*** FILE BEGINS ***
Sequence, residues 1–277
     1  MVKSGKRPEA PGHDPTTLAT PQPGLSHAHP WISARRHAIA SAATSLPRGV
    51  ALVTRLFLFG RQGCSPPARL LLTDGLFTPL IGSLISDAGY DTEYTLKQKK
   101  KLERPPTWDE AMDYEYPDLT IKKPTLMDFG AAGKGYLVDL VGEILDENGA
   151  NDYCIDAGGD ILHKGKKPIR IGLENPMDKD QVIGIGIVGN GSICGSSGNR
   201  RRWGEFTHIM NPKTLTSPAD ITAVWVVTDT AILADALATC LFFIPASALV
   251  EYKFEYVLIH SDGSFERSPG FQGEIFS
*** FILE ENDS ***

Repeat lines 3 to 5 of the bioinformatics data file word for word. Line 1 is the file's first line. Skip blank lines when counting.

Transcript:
    51  ALVTRLFLFG RQGCSPPARL LLTDGLFTPL IGSLISDAGY DTEYTLKQKK
   101  KLERPPTWDE AMDYEYPDLT IKKPTLMDFG AAGKGYLVDL VGEILDENGA
   151  NDYCIDAGGD ILHKGKKPIR IGLENPMDKD QVIGIGIVGN GSICGSSGNR